A while ago, I saw the movie The Best Exotic Marigold Hotel. It is a delightful movie about a young Indian man who decides to open up a hotel for elderly British people who would like to spend the rest of their days in the warmth of India, where their pound will go a long way. Sooner than he expects, an assortment of British retirees descend upon his hotel and he is forced to make some quick amendments to get the hotel in shape. The retirees, played by Judi Dench, Maggie Smith, Tom Wilkinson and Bill Nighy, make the best of their situation and soon become charmed with the hotel and with India and forge relationships with each other. It is truly a wonderful, heartwarming movie.
So, when I found out that the movie was based on the book These Foolish Things by Deborah Moggach, I immediately added the book to my wishlist. After all, books that movies are based on are generally much better than the movies themselves. I therefore had high expectations.
But alas, the book did not manage to charm and delight me. Of course I was trying to match characters in the book up with characters in the movie and I failed miserably in most instances. For example, Sonny Kapoor, played by Dev Patel in the movie, is a fat, middle aged man in the book. That was a shock! And in general, the book failed to impress me.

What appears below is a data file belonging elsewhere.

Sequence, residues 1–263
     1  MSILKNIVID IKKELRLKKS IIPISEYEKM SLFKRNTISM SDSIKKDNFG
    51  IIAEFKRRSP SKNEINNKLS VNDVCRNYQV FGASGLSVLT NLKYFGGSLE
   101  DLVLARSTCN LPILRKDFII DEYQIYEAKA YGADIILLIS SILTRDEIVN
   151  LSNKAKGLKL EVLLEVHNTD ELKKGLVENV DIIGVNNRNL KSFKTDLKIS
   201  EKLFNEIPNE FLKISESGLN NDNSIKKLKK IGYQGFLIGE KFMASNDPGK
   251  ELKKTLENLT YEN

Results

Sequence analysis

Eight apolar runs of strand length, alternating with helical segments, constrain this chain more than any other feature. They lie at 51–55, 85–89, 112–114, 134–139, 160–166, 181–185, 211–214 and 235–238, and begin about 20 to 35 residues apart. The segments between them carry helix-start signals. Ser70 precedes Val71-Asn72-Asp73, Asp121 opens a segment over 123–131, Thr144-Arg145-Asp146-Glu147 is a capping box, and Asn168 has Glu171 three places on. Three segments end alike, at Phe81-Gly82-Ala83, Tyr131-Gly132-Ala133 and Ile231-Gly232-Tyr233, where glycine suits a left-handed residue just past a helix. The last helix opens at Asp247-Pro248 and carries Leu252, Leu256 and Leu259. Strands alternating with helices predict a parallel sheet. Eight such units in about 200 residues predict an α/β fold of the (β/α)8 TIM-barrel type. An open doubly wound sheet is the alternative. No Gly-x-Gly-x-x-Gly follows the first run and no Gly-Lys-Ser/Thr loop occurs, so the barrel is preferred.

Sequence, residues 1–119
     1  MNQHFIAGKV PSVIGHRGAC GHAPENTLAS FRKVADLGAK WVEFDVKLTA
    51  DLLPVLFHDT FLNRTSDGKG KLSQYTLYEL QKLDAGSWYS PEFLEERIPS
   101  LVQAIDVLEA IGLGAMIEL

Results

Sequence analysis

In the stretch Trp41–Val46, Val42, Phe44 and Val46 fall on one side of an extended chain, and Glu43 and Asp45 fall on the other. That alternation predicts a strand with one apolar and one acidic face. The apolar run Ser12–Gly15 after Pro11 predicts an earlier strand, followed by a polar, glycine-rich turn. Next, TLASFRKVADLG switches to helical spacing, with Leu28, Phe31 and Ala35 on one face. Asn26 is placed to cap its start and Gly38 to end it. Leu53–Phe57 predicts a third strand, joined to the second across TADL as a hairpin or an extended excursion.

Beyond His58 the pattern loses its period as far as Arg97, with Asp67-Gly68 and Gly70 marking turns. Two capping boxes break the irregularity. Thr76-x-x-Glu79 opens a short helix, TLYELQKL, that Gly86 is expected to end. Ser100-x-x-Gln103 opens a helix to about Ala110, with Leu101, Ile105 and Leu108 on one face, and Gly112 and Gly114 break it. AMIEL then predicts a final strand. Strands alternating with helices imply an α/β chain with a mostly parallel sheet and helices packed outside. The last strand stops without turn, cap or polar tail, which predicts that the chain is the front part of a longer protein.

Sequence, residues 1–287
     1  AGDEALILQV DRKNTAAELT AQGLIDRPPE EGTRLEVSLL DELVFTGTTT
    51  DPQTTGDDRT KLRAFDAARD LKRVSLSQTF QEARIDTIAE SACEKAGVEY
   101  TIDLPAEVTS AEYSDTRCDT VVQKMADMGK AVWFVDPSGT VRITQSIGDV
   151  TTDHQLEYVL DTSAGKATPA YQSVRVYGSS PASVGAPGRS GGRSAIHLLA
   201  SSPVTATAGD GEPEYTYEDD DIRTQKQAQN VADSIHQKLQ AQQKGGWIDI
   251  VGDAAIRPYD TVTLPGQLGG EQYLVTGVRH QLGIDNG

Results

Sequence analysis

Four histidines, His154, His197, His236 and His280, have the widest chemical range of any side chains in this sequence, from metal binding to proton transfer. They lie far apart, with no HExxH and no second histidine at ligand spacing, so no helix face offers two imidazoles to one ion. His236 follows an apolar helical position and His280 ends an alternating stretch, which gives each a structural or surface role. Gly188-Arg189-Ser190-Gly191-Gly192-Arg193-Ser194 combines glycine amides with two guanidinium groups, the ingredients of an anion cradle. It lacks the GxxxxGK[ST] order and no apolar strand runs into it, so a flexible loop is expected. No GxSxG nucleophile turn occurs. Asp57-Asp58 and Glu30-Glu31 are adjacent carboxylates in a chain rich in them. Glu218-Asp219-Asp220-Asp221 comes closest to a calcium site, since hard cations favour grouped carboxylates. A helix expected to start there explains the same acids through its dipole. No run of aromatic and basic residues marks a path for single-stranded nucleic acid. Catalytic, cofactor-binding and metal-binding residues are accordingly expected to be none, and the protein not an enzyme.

That made me wonder…would I have been more charmed by the book had I not seen the movie first? Did the success of the movie set the book up for failure (at least for me)? When we pick up a book and expect greatness from it, how often does it not fail to impress, when it may have been a pleasant enough experience had we not set our expectations to high?
This is exactly the reason I am often loath to jump on the hype bandwagon whenever a book reaches bestselling status. That is not to say I do not read any bestsellers, but I very seldom run out to the shop to buy the latest hype. I never read Harry Potter when it was a phenomenon and I am glad of it. I recently read the first two books to my son, and although it is a nice enough story for kids, the writing itself lacks too much to enjoy the books as an adult. In other instances, this backfires, as I refused for many year to read the then very popular The Discovery of Heaven by Harry Mulish, only to love it when I finally read it a few years later. Imagine my dismay when I realised I could have had the wonderful pleasure of having this book in my life years before.
But ignoring hypes – or playing them down – does take away my expectations of a book being great. With the result that even if I did not love the book, I did not feel completely let down by it.
And that brings me to my last point: it is thoroughly unfair to an author – and a book – to expect greatness from them before you even begin to read. All our reading experiences should be entered into with an open mind, and no expectations. “Surprise me”, we should say to the book. “Show me what you have and then I will judge you.”
Unfortunately, because we do not live in isolation, this is not always possible, and as a consequence, our expectations could ruin our experiences.